S J Best & Co. assisted the surrounding community whilethey were in operation in Avondale. The organising com-mittee for the Victoria Hall, on the corner of Rosebank Road and Orchard Street in Avondale, appreciated thefree varnish provided for their new acquisition from “ourlocal varnish manufacturer” in 1897.
 
Percy Best appears onthe records as an engi-neer, living in Avondale(quite possibly on thefamily’s Riversdaleproperty) in 1904. By1910, he’d obtainedwork for ArchibaldBros, one of the localbrickyards. His brotherCharles also appears in1904, living at Avondalebut also proprietor of Best & Co in Auckland.By 1905, the firm had(briefly) set up a branchoffice at Harris Street,Wellington. By 1909,Albert E. Best joined his brothers in appearing in the di-rectories, as a co-proprietor of Best & Co along withCharles. Only in 1910 does Sealy James Best, their elderbrother, appear in the directories, as living at RiversdaleRoad. He does not appear to have had a directorship inthe company, but due to the interest with Charles in thevarnish factory land at Avondale he must have been in-volved to some extent.On 10 September 1915, Mary Best sold the “equity of re-demption” of her Riversdale Road property to her eldestson Sealy J Best for the nominal sum of 10 shillings, “outof the natural love and affection” she felt towards herson. This meant that her son held the right to prevent amortgagee sale by the mortgagor as he had an interest inthe property. Five days later, she died and her son pro-ceeded to pay off the remaining £200 State Advancesmortgage.
The company without the Best family
For some reason, or perhaps many reasons, everythingchanged in 1920. Charles and Albert Best’s names disap-pear from the Auckland Directory in 1921. Albert Bestwent on living at Riversdale Road, and died still livingthere on 28 October 1936, at the age of 61. But by 1937Charles was living in Melbourne. He may well havemoved there earlier the previous decade. He transferredhis interest in the Avondale varnish works property to hiselder brother Sealy on 5 March 1920, and leaves the re-cord at that point.In papers deposited with the equivalent of the CompaniesOffice in 1920, William Charles Vallance advised that hewas acting as solicitor for S J Best & Co on 22 April. Thecompany was incorporated under the new Companies Act asat 20 May 1920, with the following objects:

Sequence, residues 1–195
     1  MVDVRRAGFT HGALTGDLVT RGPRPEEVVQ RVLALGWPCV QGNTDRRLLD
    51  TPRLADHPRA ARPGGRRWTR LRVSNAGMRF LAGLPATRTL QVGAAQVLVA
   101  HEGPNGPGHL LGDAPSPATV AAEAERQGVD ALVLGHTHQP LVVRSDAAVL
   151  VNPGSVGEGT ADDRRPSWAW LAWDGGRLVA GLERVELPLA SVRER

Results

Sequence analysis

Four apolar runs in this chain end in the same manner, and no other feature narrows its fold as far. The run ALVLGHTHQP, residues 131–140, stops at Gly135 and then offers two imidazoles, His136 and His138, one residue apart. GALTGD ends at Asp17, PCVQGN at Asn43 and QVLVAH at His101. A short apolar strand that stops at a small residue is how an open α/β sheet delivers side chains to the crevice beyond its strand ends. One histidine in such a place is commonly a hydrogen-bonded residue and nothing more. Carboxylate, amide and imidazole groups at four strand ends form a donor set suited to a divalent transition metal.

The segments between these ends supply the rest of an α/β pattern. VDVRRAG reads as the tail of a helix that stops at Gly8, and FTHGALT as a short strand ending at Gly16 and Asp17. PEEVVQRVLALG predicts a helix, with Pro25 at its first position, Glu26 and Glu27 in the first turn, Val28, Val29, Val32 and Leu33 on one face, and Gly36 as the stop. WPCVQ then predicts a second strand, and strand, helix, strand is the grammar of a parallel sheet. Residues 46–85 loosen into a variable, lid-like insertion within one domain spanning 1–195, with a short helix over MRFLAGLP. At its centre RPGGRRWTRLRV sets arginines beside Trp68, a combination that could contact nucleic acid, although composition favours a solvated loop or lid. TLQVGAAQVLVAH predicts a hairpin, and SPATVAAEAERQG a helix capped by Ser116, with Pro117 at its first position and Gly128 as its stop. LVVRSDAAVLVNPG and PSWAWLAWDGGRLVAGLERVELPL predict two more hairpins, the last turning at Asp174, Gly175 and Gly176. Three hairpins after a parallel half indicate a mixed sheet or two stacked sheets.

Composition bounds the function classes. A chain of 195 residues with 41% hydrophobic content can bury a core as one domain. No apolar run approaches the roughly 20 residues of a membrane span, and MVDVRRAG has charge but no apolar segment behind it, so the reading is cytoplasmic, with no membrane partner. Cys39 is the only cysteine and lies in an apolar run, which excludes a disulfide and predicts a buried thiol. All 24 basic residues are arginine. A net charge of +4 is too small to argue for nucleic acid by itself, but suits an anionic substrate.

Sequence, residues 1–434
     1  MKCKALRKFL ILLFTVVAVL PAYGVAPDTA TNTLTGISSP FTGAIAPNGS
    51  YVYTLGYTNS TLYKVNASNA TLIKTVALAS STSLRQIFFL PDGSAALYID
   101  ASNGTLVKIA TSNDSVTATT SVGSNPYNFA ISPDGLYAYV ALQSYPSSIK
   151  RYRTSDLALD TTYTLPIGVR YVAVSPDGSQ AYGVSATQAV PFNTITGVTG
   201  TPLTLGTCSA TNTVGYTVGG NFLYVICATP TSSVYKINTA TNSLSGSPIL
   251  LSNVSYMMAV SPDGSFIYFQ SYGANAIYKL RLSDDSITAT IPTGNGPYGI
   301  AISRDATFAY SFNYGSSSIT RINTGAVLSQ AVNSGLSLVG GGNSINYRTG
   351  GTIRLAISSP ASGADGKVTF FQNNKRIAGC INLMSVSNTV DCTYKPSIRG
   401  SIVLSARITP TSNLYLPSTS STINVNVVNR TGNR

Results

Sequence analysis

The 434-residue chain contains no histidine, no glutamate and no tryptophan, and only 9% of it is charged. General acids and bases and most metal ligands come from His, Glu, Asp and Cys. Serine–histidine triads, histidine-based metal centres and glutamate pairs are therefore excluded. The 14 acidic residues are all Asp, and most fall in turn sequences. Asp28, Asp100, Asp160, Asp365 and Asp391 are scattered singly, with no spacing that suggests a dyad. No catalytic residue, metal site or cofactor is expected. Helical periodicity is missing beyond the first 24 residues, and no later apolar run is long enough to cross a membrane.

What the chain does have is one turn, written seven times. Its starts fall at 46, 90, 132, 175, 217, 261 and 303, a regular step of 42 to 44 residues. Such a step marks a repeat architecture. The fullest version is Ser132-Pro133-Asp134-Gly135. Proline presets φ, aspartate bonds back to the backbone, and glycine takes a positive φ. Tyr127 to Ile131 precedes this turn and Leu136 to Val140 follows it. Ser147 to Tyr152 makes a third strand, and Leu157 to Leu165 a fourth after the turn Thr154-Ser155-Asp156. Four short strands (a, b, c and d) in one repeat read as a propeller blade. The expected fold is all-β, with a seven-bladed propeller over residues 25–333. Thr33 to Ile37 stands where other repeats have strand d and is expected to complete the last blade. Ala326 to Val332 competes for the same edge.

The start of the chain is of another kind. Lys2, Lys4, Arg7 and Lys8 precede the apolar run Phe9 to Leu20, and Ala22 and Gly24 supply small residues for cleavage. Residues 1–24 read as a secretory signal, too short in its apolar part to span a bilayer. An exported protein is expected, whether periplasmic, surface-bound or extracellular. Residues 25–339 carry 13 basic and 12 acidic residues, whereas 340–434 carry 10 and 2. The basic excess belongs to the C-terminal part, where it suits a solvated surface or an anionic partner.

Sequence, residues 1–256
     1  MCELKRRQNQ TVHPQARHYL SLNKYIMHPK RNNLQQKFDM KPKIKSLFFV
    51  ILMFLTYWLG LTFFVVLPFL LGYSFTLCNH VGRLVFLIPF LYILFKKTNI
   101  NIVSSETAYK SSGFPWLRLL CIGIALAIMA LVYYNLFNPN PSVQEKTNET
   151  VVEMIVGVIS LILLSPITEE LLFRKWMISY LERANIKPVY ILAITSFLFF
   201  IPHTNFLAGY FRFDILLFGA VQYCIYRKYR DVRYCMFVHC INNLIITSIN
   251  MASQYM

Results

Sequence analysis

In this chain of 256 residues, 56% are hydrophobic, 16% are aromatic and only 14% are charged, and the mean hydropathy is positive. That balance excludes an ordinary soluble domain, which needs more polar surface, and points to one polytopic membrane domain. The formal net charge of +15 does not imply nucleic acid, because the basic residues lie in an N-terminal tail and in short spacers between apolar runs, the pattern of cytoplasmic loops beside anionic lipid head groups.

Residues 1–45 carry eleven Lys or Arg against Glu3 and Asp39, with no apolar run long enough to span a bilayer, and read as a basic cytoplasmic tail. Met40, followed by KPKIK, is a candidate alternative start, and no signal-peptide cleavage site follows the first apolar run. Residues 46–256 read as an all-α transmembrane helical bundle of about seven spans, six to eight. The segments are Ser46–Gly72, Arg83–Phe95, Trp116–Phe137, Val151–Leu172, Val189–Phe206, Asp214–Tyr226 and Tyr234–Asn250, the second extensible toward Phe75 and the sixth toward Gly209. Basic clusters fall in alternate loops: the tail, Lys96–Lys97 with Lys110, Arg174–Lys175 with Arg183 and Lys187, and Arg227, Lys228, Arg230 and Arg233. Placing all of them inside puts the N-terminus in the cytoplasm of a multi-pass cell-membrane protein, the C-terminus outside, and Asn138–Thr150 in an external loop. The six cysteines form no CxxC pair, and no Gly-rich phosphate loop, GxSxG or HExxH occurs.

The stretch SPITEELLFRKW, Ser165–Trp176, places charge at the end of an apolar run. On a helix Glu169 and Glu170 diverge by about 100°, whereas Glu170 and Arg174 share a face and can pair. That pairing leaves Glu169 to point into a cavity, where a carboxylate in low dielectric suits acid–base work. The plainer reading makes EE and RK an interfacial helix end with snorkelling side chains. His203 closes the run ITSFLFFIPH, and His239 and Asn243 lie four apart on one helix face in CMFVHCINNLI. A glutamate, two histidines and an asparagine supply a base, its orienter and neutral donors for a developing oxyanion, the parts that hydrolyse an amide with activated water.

To acquire & takeover business of varnish and paintmanufactures carried on at Auckland by Paterson &Esam under name of S J Best & Co.
To engage in the business of manufactures of oil colourpaint varnish enamels red& white lead painters andartists requisitions stainsdistempers and all kinds of products or substancesused for painting decora-tive or protective work.
Also in business asglaziers paint paperhangersoil & colourman picturedealers & framers & im-porters, exporters & deal-ers wholesale/retail inpaints colours glass papersoils etc.
Printers & bookbind-ers
Oils for machinery andmotor vehicles
Financial & commission agents
Brokers
 
While the registered office remained as 43 Customs Street,and the company name was the same, bewilderingly every-thing else was changed. “Paterson & Esam” appears to havebeen a firm connected with one Campbell Paterson, a mer-chant from the North Shore who was also a varnish andpaint manufacturer. It seems that sometime before May1920 his company had taken over the day to day operationsof S J Best & Co, while still operating under that name. In-deed, the list of three directors in 1920 show no members of the Best family connected with the firm at all – controllinginterest rested with Paterson and his partner Ivo Burnet Dur-ban Esam, with approximately 1/3 going to Arthur EdwardSkelton, a solicitor. By 1921, Skelton’s shares were held bya Robert Burns, and Paterson had 280 more shares fromEsam.In February 1922, the directors of the company decided tochange the name to “Camp”, and by order of the Court inMarch S. J. Best became The Camp Paint & Varnish Ltd.The company was duly incorporated under that name inJune that year, and advised the Registrar of a change of ad-dress to 5 Alexandra Street (now Airedale Street) in the city.But by November 1925, Paterson had moved to Melbourne,and forfeited his shares by the end of 1926. The directorsmet in May 1929 to change the company’s name back to S JBest & Co, and this was duly done by order of the Court inJune. By now, the directors were Esam, Burns and JohnKenderdine.From January 1932, the managing director was Reginald
Part of Sceptre Place, July 2005. Photo courtesy George Baird